• Services and Programs for Cancer Patients

    Caring for Skin and Nails During Cancer Treatment

    How should I take care of my nails?

    Chemotherapy drugs sometimes cause mild, temporary changes in nails and nail beds. These may include brittleness, grooving, discoloration, change in growth rate, heightened sensitivity, and lifting of the nail bed. If the latter occurs, nails should be kept short.

    • Most important: don't cut your cuticles. Use cuticle removers.
    • Massage cuticle cream into the cuticle area to prevent dryness, splitting, and hangnails.
    • Wear gloves while doing chores such as washing the car or the dishes. Excessive exposure to water can lead to fungal infections of the nail bed.
    • Women can wear nail polish to help keep nails strong and protected from the environment. Clear nail polish can be helpful for men.
    • Very dry nails can become weaker or more brittle during treatment. To take off polish, use an oily remover.
    • If you're undergoing chemotherapy, avoid artificial nails.
    • Alert your doctor to any signs of inflammation or infection.
    • Ask a professional manicurist for more information on daily home care to keep your nails healthy and strong.

    What happens when eyebrows and eyelashes are lost?

    Painting a customer's eyebrowsAlicia Scott shows a customer how to recreate her eyebrows. 
    • Eyebrow and eyelash loss does not always occur; it is dependent upon the kind of therapy being administered.
    • We offer both eyebrow stencil kits and natural hair adhesive eyebrows, and can create a stencil of your eyebrow before loss occurs. Premade stencil eyebrow kits are also available for purchase at your salon or appearance center.
    • Check with your nurse or physician prior to using false eyelashes, in case of allergic reaction to the glue and increased risk of infection.
    To recreate your natural brow line:
    • Buy brush-on eyebrow color or a pencil in a shade that matches your hair color.
    • Be sure all eye makeup is fresh and fragrance free.
    • Hold the pencil straight up against your nose, parallel to the inside corner of your eye. This is where the eyebrow should begin. Draw a dot just above the brow bone.
    • Looking straight ahead, place the pencil parallel to the outside edge of the colored part of your eye. Place a dot where the highest part of the brow line should be.
    • To define the outside edge of the brow, place the pencil diagonally from the bottom corner of your nose past the outside corner of your eye and draw a dot. Be sure the outer edge of the brow is not lower than the inside one, as this will create a down-turned expression.
    • Once you have the basic shape right, connect the dots into a brow line with feathery strokes of color, making the brow fuller on the inside corner and thinning as it moves out. With practice, drawing an eyebrow is as simple as applying lipstick (really!).

    How should I take care of my skin?

    During chemotherapy:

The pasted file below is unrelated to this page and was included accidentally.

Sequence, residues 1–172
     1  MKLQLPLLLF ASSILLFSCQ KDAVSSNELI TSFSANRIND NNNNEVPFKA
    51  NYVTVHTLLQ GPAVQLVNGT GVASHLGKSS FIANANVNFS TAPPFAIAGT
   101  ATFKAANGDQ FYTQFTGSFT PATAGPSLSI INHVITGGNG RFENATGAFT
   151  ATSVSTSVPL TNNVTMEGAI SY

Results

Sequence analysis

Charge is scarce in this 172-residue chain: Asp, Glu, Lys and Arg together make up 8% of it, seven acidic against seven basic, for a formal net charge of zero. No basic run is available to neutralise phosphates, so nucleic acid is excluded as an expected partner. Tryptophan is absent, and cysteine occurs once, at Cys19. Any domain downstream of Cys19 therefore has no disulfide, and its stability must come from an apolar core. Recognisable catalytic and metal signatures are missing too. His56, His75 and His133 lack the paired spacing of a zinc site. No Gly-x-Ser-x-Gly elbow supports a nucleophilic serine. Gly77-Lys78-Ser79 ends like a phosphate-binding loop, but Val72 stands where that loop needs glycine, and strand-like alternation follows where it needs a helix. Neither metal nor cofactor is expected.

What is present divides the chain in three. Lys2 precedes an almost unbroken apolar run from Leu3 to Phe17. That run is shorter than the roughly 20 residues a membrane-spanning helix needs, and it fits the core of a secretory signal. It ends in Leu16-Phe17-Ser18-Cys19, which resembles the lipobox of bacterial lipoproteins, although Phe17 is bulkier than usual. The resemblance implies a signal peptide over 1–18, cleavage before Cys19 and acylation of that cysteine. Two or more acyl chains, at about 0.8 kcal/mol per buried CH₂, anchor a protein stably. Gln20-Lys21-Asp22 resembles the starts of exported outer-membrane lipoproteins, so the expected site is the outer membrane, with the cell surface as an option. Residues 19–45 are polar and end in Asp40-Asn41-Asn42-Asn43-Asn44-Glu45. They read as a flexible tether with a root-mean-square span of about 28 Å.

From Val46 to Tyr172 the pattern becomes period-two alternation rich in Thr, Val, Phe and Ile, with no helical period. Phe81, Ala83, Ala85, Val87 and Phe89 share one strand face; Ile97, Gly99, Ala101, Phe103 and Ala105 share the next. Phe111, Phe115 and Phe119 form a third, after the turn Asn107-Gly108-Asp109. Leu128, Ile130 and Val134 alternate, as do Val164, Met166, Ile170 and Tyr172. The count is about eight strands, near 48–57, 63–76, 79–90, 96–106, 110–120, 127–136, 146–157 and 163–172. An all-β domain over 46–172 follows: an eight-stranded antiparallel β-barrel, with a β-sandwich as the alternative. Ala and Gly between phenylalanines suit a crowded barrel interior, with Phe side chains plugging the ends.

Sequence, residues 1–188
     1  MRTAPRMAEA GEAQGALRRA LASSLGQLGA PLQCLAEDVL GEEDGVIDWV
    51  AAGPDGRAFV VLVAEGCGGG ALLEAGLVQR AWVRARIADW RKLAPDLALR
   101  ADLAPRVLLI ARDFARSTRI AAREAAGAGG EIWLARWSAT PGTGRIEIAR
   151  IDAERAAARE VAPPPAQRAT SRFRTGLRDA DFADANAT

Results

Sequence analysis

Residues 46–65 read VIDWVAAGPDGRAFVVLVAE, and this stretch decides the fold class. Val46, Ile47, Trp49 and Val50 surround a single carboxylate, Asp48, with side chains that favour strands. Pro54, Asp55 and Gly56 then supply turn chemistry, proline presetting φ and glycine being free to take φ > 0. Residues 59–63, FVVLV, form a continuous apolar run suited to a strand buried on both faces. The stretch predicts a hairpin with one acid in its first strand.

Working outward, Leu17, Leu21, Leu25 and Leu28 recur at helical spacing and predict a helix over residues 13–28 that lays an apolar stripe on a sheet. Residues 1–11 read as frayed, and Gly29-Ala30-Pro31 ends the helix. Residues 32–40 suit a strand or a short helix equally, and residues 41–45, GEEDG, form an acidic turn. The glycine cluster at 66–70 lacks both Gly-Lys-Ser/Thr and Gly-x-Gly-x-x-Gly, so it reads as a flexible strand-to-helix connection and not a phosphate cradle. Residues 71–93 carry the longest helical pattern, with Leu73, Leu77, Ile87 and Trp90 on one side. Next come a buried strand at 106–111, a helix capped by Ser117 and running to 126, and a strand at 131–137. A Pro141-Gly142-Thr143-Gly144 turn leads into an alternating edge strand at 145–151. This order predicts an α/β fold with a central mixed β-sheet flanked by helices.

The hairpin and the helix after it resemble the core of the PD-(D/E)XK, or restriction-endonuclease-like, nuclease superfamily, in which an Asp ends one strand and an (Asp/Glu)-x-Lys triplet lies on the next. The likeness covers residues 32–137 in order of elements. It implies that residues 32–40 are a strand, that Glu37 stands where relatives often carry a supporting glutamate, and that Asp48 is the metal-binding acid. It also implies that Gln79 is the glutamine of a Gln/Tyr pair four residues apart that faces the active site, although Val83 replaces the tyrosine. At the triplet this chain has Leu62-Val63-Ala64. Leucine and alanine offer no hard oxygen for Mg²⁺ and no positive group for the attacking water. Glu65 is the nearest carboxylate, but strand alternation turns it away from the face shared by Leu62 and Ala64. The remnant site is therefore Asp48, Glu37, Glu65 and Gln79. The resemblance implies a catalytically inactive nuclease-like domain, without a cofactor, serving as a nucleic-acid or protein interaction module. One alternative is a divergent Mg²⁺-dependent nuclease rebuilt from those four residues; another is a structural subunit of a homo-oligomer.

• Some people experience very dry skin. If you're one of them, use mild soaps and lukewarm (not hot) water, or mild cleansing lotions or creams.
    • Moisturize! Apply moisturizer while your skin is still damp and take special care of the sensitive area around eyes and lips.
    • Avoid all types of hormone creams (such as products containing hydrocortisone).
    • Avoid prolonged sun exposure and use sunblock with an SPF of 15 or higher (many moisturizers include sunscreen) unless otherwise directed by your doctor.
    • Skin tone may be altered by the therapy, so it may be necessary to change your foundation color.
    • Consult a cosmetologist for specific techniques to improve the look and feel of your skin during treatment.
    During radiation:
    • It's essential to leave the marks your doctor or radiation therapist may have applied. Don't worry: they will eventually fade away. In the meantime, use warm water without soap or creams in the treatment areas.
    • Avoid exposing treated areas to the sun. Do not use sunscreens on them until all your radiation treatments are completed, unless your doctor approves.
    • If the treatment areas itch, tell your radiation therapist. A light sprinkling of cornstarch may help. Some creams and lotions may leave a coating that can interfere with your treatment. Use only those products which have been approved or prescribed by your doctor. Do not scratch skin near the treatment area.
    • Temporary pigmentation changes, such as redness or tanning, may occur during treatment. Check with your doctor about using cosmetic concealer.
    • Do not use cosmetics, perfumes, or deodorants on treated areas before checking with your radiation therapist. A non-metallic deodorant is usually recommended.
    • Avoid extremes in temperature on treated areas (no heating pads or cold packs).
    • Most radiation oncologists prefer that female patients receiving radiation to the breast wear cotton bras with no underwiring.
    • Avoid shaving treated skin until treatments are completed and the skin has recovered. If you must shave, use an electric razor.
    • If your skin is still irritated after your radiation treatment is completed, ask your radiation therapist to recommend a moisturizer and sunscreen.
    • Immediately inform your doctor of any signs of infection or changes in skin color.
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